While traveling in Arkansas last week, we came across a lot of this beautiful native wildflower blooming all along the roadsides.
Butterfly weed (Asclepias tuberosa) is one of the most showy of our summer blooming wildflowers. We used to have a lot growing right here in Smith County, but because of early summer mowing, it is nearly all gone. What a shame, too, since monarchs and many other butterflies love it.
Asclepias tuberosa is a milkweed, as you can promptly tell when you bend a stem of the plant. A white milky substance comes from it. Butterfly weed is a better name since it is usually covered with butterflies, providing them with a great source of nectar.
Growing butterfly weed requires diligence on the gardener’s part to mark its space. It will go completely dormant in winter, and you may forget it is there and destroy it without knowing.
You sometimes see this Asclepias for sale in small pots, and it always looks stringy and pitiful. It can be hard to make yourself want to buy one, but please do. Give it a place in the sun or part shade and good, well-drained soil and about three years to grow into a decent plant. It will knock your socks off.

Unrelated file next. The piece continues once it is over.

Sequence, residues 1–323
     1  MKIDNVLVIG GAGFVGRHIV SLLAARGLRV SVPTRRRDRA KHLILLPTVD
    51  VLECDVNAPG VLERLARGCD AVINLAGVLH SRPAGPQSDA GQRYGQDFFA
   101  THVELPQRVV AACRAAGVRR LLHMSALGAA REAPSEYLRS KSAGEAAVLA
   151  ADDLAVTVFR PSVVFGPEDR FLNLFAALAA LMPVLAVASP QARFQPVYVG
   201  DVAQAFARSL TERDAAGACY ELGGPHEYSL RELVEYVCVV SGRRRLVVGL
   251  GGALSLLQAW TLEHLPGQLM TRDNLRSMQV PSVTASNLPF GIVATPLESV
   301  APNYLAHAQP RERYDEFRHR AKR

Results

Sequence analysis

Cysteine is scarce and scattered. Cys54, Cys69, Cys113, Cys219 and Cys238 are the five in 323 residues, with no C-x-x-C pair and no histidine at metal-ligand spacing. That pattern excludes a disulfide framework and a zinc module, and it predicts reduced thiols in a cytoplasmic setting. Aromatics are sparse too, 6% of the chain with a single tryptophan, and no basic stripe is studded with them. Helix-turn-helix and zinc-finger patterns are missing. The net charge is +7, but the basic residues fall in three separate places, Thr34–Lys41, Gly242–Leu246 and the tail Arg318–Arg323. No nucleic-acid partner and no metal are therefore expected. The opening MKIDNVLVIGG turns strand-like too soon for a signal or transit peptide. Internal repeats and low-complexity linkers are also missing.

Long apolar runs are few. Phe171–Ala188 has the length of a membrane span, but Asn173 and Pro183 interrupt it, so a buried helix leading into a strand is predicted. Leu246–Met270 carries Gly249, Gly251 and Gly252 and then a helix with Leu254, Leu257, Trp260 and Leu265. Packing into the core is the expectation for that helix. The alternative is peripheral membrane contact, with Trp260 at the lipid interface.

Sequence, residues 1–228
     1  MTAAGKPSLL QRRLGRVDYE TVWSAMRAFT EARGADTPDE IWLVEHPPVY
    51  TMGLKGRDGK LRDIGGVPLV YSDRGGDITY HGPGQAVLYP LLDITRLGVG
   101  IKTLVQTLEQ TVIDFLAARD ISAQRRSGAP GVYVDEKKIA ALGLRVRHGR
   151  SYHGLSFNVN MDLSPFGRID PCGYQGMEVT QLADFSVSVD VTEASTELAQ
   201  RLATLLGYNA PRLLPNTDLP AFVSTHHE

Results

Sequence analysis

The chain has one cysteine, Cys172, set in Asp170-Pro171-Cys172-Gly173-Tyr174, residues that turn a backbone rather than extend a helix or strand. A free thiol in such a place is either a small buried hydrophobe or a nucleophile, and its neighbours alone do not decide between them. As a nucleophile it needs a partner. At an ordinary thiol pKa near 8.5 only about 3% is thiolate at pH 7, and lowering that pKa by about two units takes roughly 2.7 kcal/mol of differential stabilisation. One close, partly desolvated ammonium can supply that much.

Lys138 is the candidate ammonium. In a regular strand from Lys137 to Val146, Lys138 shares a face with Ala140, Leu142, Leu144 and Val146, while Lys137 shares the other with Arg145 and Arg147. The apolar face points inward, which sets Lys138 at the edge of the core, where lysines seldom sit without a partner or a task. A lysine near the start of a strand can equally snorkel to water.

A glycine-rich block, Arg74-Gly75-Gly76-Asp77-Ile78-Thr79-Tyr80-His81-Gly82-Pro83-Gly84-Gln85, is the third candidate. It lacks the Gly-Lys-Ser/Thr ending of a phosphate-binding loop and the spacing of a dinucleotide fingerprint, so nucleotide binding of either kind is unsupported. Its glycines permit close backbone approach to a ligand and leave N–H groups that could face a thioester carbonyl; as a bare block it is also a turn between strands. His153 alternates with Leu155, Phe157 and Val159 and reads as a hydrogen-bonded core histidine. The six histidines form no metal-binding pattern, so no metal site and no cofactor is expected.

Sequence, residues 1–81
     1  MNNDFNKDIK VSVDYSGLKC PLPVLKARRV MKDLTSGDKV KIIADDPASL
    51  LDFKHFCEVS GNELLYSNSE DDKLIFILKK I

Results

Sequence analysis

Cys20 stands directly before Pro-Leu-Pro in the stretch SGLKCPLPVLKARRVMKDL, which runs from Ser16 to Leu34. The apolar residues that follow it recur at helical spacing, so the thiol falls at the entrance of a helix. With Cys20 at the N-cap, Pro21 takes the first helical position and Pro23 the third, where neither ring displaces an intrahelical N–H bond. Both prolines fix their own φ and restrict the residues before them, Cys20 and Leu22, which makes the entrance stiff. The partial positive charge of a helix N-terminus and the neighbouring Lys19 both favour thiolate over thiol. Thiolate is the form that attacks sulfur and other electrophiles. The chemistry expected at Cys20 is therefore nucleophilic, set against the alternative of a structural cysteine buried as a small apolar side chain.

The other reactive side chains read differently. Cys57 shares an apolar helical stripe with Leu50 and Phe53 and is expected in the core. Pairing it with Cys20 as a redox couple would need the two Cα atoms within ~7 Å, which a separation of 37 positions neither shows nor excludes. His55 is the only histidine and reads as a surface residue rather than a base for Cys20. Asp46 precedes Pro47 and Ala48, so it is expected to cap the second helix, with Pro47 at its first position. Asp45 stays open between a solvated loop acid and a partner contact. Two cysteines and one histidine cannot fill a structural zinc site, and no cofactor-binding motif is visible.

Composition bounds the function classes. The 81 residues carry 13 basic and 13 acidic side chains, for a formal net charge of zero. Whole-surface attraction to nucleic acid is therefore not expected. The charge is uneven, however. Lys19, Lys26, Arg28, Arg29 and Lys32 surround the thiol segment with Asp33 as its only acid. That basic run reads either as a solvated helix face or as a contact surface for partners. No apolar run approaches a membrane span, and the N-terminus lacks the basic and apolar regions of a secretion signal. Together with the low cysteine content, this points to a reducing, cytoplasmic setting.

Butterfly weed puts down deep tap roots the first couple of years and grow very little on top. Be patient! It is a perennial and requires its three years to mature. Actually, the longer it grows, the larger and more beautiful it becomes.
Because of its long tap root, butterfly weed will take unmitigated drought and also will survive heavy rains. I have seen these plants in bright red-orange, light orange and school-bus yellow. I personally love the red-orange best because it is so showy.
Look for butterfly weed as you travel our Texas highways, but please do not try to dig it. The root is entirely too long to get, and digging it while it is blooming is a sure way to kill it.
Dee Bishop is a Smith County Master Gardener. She writes about plants growing within the Tyler Rose Garden.